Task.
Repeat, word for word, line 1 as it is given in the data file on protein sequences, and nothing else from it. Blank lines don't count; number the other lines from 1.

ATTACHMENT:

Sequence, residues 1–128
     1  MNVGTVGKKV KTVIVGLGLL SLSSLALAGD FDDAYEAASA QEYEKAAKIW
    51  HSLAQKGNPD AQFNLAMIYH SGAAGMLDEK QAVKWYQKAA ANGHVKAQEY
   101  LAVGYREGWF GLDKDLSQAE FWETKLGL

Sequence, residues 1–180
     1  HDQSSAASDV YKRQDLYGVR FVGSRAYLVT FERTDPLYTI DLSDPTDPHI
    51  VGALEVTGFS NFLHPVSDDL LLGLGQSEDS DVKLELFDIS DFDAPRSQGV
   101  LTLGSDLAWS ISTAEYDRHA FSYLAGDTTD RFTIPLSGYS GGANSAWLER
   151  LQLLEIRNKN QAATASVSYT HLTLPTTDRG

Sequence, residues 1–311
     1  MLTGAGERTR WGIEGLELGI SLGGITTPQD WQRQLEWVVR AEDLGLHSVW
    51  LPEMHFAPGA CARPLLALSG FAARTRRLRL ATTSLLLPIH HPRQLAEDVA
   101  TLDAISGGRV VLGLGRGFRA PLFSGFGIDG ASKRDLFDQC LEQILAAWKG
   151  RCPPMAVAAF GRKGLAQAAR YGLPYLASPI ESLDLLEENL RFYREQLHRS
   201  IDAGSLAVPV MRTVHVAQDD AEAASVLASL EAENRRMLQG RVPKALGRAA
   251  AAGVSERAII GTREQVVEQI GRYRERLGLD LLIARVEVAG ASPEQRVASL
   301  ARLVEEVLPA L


Sequence, residues 1–128